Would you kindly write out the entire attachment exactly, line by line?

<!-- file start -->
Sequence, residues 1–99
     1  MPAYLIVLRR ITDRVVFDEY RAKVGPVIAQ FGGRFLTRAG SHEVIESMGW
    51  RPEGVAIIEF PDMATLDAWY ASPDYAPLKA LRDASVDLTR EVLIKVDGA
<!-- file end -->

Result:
Sequence, residues 1–99
     1  MPAYLIVLRR ITDRVVFDEY RAKVGPVIAQ FGGRFLTRAG SHEVIESMGW
    51  RPEGVAIIEF PDMATLDAWY ASPDYAPLKA LRDASVDLTR EVLIKVDGA